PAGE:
Miles Coverdale (manos74) wrote,
Miles Coverdale

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Okay, I know nothing about psychology, so I'll have to defer to someone with a greater background in psychopathology than myself. But here's something I've noticed based on my own non-scientific observations.

It seems to me that there are two significant characteristics to an abusive personality. First, the abuser will always place the blame for the abuse upon the victim. (e.g., "I TOLD you to have dinner ready when I got home"; "I TOLD you to shut up, but no, you just HAD to mouth off to me, so now I gotta smack you") The victim's actions are held to be the ones at fault, and the abuser's actions are held to be reasonable responses to the victim's "transgression." What's significant is that the onus for the violence, whether physical or emotional, is placed wholly upon the victim--not only in the abuser's mind, but in the victim's mind as well, which allows the abuse to continue. (i.e., because the victim thinks--or, more specifically, is made to think--s/he "deserves it" somehow.)

The second significant characteristic is that the abuser, after placing the blame on the victim for the abuse, will then seek pity for the abusive actions. (e.g., "NOW look what you made me do!"; "This hurts me more than it hurts you!"; "You think I LIKE to hit you?!") In other words, the abuser compounds the guilt the victim feels, not only by giving the victim the blame for being abused, but also by making the victim feel sorry for the abuser. The consequences of the abuser's actions, in the abuser's own mind, are solely defined in terms of pain or inconvenience to the abuser hirself, never to anyone else.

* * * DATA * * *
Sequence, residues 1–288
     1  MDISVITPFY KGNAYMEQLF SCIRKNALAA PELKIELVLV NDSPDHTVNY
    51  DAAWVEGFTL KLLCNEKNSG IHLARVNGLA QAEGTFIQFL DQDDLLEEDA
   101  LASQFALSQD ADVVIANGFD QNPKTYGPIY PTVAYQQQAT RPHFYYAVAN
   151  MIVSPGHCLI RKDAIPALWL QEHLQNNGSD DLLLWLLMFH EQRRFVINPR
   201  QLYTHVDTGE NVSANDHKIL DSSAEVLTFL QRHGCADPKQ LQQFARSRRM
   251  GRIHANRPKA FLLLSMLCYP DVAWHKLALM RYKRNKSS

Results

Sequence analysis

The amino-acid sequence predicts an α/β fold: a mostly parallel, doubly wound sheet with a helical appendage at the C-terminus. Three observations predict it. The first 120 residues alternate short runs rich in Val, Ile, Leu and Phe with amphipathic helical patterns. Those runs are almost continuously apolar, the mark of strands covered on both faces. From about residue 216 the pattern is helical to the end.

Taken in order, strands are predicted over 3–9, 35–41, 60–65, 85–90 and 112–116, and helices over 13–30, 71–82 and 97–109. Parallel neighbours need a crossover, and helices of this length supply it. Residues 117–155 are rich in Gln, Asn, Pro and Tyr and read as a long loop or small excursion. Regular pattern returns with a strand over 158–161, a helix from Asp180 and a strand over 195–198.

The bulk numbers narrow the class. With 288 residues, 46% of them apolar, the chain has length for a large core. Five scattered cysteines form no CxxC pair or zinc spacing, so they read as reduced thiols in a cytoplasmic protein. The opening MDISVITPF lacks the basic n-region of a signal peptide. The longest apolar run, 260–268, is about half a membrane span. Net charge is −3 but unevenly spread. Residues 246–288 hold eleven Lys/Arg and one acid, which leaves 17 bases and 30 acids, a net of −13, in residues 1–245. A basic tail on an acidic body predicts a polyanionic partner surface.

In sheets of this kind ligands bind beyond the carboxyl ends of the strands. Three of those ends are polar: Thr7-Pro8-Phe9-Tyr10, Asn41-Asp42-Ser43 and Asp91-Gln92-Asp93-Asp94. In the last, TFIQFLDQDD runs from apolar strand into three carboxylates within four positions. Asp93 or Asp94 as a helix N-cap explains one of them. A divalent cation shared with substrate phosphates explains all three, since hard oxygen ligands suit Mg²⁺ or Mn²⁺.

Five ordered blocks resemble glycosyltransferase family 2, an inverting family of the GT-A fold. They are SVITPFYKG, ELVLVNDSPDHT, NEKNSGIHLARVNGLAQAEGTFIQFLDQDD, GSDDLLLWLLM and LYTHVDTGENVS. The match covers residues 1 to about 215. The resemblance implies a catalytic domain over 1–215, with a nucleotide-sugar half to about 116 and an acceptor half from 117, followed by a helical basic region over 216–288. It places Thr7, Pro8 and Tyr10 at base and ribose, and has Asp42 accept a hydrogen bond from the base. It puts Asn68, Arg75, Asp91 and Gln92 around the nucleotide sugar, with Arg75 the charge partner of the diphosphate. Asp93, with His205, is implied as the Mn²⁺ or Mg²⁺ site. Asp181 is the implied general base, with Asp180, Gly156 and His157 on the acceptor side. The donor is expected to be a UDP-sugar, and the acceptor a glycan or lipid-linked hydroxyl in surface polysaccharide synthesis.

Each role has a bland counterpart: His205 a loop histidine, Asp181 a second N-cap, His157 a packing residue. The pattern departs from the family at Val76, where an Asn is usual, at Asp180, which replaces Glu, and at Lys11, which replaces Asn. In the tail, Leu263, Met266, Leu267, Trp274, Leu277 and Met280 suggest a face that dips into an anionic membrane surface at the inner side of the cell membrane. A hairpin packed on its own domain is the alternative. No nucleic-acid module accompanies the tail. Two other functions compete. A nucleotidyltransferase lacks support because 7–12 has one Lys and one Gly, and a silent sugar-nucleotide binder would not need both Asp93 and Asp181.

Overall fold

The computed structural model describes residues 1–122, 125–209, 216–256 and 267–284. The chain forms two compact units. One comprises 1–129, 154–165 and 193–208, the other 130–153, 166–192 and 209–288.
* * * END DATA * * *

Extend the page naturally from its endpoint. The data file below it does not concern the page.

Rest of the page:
Conclusions? Well, the abusive personality seems, at base, to be a solipsistic one...but then again, that seems like a pretty standard conclusion in psychology. A more interesting, or disturbing, question could be: Does this mean that a solipsistic personality is by nature an abusive one? (I say "disturbing" based on the high level of solipsism present in the child/adolescent personality...)

Of course, one is more than welcome to conclude that I should stay away from psychology and concentrate on my books instead.
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